He mentioned the question of the confinement of the provisions of Clause 3 to those who have been defrauded in this way by dealers. It would be something that one would have to consider very carefully, if one were to extend the scope of this legislation beyond dealers. A dealer is defined in Section 1(2) of the 1927 Act as …a person who in the normal course of his business attends sales by auction for the purpose of purchasing goods with a view to reselling them. That is very much what the noble Lord said. If you start introducing the idea of recourse against people who are not dealers, you are going to get into a much wider field than has ever previously been taken in relation to auctions. You would also be introducing a civil remedy which is wider than the criminal proceedings can go. The criminal proceedings relate to dealers. I do not think that the civil proceedings ought to go any wider than that. Indeed, one of the points that I made was the difficulty of finding evidence for civil proceedings. It would not be available if a person not covered by the criminal clauses of the Bill and the 1927 Act was not the person convicted. There is enormous difficulty here. On this matter I think it would be right to leave the Bill as it is.

I do not know the facts about the Duccio case. If what the noble Lord says is what happened, then I am glad to accept his statement. We are all hampered. I do not think that anybody knows the facts about it except the Board of Trade. A great deal of the discussion in another pace on this Bill was concerned with the question of whether or not the report should be published. The decision has now been taken by the Government—I can understand the reasons for it—that it should not. We shall not know until the papers eventually come out of secrecy in, I think, 15 years' time, whether or not there would have been any opportunity to prosecute. The indications given by the right honourable gentleman the President of the Board of Trade were that it would not have been possible. That does not matter; the point is the principle. I use it merely as an illustration of the sort of thing that may or may not have happened. The problem is rings, wherever they operate.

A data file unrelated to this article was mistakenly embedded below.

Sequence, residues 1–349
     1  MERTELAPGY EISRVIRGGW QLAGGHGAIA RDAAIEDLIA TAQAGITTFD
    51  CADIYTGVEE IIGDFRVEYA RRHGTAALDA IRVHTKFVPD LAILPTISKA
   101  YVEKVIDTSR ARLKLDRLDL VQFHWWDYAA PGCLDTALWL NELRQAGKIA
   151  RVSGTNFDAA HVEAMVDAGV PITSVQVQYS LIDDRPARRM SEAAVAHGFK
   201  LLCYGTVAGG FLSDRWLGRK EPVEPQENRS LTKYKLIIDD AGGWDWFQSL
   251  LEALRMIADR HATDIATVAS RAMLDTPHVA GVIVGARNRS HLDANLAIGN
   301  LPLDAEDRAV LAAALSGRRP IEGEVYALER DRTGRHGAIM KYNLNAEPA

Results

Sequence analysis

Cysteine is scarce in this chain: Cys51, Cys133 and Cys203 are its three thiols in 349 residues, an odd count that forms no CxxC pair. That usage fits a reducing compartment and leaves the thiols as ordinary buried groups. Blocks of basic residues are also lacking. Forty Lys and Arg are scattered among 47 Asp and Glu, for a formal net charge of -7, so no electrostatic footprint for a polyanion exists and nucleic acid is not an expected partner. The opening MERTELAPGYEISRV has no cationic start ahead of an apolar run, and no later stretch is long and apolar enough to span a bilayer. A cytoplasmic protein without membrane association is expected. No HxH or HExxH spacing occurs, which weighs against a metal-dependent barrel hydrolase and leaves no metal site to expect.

I am glad to know that the House, on the whole, agrees that this is a requisite piece of legislation to deal with them. It certainly is not an attempt to draft for the Greek or the French Parliaments. I have no doubt that I should find it an interesting exercise to attempt to draft this Bill in ancient Greek; although I doubt that it would be a very progressive task. I am sorry to see that my noble friend Lord Denham is not here, being the expert on mock auctions that he is, to revel in the "puffing", the "trotting", the "bids from the ceiling" and the "commission agreements". He had, in fact, a finer range in technical terminology even than that when he was dealing, with mock auctions. I do not think I would put those into the Bill. If the noble Lord, Lord Strabolai, can find a proper method of expressing them in Parliamentary language, then his Amendments would form the basis of a fascinating discussion. I look forward greatly to seeing them on the Marshalled List in due course. Having thanked noble Lords and the noble Baroness for the welcome that they have given to this Bill, I hope that it will now be given a Second Reading.

On Question, Bill read 2a, and committed to a Committee of the Whole House.